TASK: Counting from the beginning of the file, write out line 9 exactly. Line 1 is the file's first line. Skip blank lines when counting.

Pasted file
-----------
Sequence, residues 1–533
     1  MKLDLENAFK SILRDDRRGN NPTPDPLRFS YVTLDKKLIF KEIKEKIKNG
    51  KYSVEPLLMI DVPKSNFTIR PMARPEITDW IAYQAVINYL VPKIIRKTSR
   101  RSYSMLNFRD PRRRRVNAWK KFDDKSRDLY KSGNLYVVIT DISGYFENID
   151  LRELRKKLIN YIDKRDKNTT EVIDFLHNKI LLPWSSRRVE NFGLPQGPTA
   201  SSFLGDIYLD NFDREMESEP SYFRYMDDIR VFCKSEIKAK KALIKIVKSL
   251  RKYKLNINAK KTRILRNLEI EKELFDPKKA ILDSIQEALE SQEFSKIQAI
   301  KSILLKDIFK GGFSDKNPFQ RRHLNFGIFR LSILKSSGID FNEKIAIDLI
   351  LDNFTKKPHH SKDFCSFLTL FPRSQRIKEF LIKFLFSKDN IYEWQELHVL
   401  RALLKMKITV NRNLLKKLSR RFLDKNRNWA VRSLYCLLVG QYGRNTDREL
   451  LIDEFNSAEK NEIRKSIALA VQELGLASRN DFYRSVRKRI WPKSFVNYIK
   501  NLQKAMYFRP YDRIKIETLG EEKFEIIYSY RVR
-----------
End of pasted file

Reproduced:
   351  LDNFTKKPHH SKDFCSFLTL FPRSQRIKEF LIKFLFSKDN IYEWQELHVL